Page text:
July 15, 2024

Distractions, impairments behind crashes during traffic stop

Illinois State Police Master Sergeant Brent Massingill

STERLING, Ill. — When Illinois State Police Master Sergeant Brent Massingill started his career in law enforcement 23 years ago, the training on officer safety during a traffic stop, then as now, focused on the plethora of unknowns that troopers face in a traffic stop.

“What they may or may not have in the car, how many people are in the car, if you have a potentially violent violator — the possibilities of what you could be walking into are limitless,” Massingill said.

While that training remains focused on those dangers, over time, one more danger has been moved up on the list of priorities — the risk of a trooper or a patrol vehicle being struck by a distracted or impaired driver.

“Over time, we’ve had to add in, not that we didn’t before, but we’ve really had to place more emphasis on the traffic going by you and safe positioning of your squad car on a traffic stop and where the traffic stop occurs,” Massingill said.

He is assigned to the patrol division of Troop 1, formerly District 1, which serves Carroll, Jo Daviess, Lee, Ogle, Stephenson, Whiteside and Winnebago counties in northern and northwestern Illinois.

The risks that law enforcement face from motorists who disregard Illinois’ Move Over law made headlines again recently when a driver struck an ISP squad car that was parked on the shoulder of Interstate 55.

The crash occurred on May 13 in Will County, when a squad car with emergency lights activated was parked on the shoulder of I-55 northbound, north of Illinois 59, handling a traffic crash. The squad car was struck by a Toyota Corolla.

The ISP trooper was inside his vehicle at the time of the crash and wearing a seatbelt. The trooper was transported to a local hospital with non-life-threatening injuries.

The driver of the Corolla was cited for violation of the Move Over law — failure to yield to stationary emergency vehicle, failure to reduce speed to avoid an accident and improper lane usage.

The crash was the 15th Move Over law-related crash of 2024. So far this year, seven ISP troopers have been injured in Move Over-related crashes.

In 2023, the ISP had a total of 21 Move Over law-related crashes and seven troopers injured. In 2022, the ISP had 25 such crashes, with 13 troopers injured.

The Move Over law in Illinois requires motorists to move over when approaching an emergency vehicle or any vehicle with its emergency or hazard lights activated.

It is also known as Scott’s Law, in memory of Scott Gillen, a Chicago firefighter, who was killed in 2000 by a drunken driver while assisting at the scene of a vehicle crash on a Chicago expressway.

Massingill understands the dangers firsthand as a patrol officer and said there is no “safer” space on Illinois’ roadways.

“If you are doing traffic enforcement on the interstate, you have vehicles and truck traffic traveling at much higher speeds. If you are on a state or county route, as opposed to an interstate, the shoulders might not be as wide, so there is less space to work with. Each area has its own set of dangers,” he said.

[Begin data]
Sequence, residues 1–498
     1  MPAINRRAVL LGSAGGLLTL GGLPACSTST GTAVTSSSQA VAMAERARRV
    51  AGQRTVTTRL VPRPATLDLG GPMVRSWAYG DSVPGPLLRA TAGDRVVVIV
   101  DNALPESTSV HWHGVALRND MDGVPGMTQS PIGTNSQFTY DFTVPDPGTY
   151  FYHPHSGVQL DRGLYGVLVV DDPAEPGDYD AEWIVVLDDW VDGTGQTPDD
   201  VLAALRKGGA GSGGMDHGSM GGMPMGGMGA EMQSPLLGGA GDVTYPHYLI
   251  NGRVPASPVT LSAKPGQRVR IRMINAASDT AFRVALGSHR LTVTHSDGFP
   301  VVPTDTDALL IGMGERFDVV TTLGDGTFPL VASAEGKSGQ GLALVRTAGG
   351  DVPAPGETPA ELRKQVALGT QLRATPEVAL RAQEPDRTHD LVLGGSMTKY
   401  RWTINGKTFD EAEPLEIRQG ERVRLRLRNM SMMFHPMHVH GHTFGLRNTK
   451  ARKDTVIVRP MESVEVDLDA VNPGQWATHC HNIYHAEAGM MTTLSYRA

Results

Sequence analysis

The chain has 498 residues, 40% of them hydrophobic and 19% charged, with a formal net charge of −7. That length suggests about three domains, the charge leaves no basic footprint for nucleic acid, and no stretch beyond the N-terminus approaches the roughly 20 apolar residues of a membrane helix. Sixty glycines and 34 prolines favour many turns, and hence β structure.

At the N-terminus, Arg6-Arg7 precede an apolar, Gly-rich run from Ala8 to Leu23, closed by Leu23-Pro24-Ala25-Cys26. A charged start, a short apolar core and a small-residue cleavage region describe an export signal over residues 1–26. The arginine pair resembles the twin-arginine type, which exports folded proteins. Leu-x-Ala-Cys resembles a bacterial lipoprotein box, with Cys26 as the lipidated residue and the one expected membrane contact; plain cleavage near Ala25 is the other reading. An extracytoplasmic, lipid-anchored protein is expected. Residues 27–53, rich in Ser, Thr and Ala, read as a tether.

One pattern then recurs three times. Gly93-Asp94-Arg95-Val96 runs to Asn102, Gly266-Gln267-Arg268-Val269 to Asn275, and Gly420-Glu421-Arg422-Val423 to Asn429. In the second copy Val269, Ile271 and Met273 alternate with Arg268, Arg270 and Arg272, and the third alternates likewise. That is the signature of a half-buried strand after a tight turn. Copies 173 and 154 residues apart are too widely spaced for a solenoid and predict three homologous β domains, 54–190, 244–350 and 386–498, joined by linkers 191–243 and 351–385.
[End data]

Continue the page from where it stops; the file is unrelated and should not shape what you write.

Massingill said the first best piece of advice, when the blue and red lights come on behind a driver, is to pull over immediately.

“The officer or trooper know where they are at when they are stopping you, when they turn the lights on. We may be behind you for a little bit, waiting for the right spot, but we want you to pull over as immediately as possible,” he said.

“A lot of people will wait and think they are pulling over in a safer area, but if our lights come on, we’d like you to stop where we are trying to stop you. After making contact with you, we may move to a different location. But it’s a safe bet to stop right where you are at and we can go from there.”

While Move Over law-related crashes continue to happen, Massingill said they are far fewer than in the past.

“Scott’s Law has been in effect for over 20 years. The amount of people moving over now compared to back then, there’s no comparison. Nearly everybody is aware of the law,” he said.

“They may not know what the law is called, but they know they are supposed to move over. They know, for the most part, that they are supposed to slow down. We really see people following that law. But it only takes one to cause a problem.”

Further south, in Springfield, in the ISP’s Commercial Vehicle Enforcement Division, Master Sergeant Todd Armstrong said a big part of the problem is distracted driving.

“There are so many distractions in vehicles today. Your No. 1 priority when you are driving is driving that vehicle. It’s not changing the radio or looking at your phone. It’s looking ahead and being safe while you drive,” he said.

Impairment, due to alcohol or drugs, also contributes to Move Over law-related incidents.

“We’ve had troopers and their squad cars hit and the person was under the influence of a controlled substance, alcohol, drugs, whatever that might be. It’s not just the distractions — it’s also the impairment,” Armstrong said.

Violations of the Move Over law can be costly for drivers. Fines for violations start at $250 and can go up to $10,000 for a first offense.

If the violation results in injury to another person, the violator’s license will be suspended for anywhere from six months to two years.

“If people would just pay attention to driving, we would be in much better shape,” Armstrong said.

Jeannine Otto

Jeannine Otto

Field Editor